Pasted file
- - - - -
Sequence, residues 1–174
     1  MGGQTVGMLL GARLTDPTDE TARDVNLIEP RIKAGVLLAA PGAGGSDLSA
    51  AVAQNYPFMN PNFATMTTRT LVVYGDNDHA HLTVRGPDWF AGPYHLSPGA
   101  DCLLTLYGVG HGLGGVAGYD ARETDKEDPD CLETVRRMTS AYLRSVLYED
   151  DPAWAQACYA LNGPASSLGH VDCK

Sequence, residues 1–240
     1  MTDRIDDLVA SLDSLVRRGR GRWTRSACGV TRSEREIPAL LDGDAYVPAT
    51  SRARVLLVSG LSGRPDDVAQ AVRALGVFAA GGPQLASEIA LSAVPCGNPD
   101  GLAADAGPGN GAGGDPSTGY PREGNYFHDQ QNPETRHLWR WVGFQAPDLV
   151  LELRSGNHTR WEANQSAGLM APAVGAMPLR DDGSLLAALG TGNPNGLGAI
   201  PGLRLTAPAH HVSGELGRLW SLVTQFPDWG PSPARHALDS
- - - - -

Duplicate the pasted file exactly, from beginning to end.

Sequence, residues 1–174
     1  MGGQTVGMLL GARLTDPTDE TARDVNLIEP RIKAGVLLAA PGAGGSDLSA
    51  AVAQNYPFMN PNFATMTTRT LVVYGDNDHA HLTVRGPDWF AGPYHLSPGA
   101  DCLLTLYGVG HGLGGVAGYD ARETDKEDPD CLETVRRMTS AYLRSVLYED
   151  DPAWAQACYA LNGPASSLGH VDCK

Sequence, residues 1–240
     1  MTDRIDDLVA SLDSLVRRGR GRWTRSACGV TRSEREIPAL LDGDAYVPAT
    51  SRARVLLVSG LSGRPDDVAQ AVRALGVFAA GGPQLASEIA LSAVPCGNPD
   101  GLAADAGPGN GAGGDPSTGY PREGNYFHDQ QNPETRHLWR WVGFQAPDLV
   151  LELRSGNHTR WEANQSAGLM APAVGAMPLR DDGSLLAALG TGNPNGLGAI
   201  PGLRLTAPAH HVSGELGRLW SLVTQFPDWG PSPARHALDS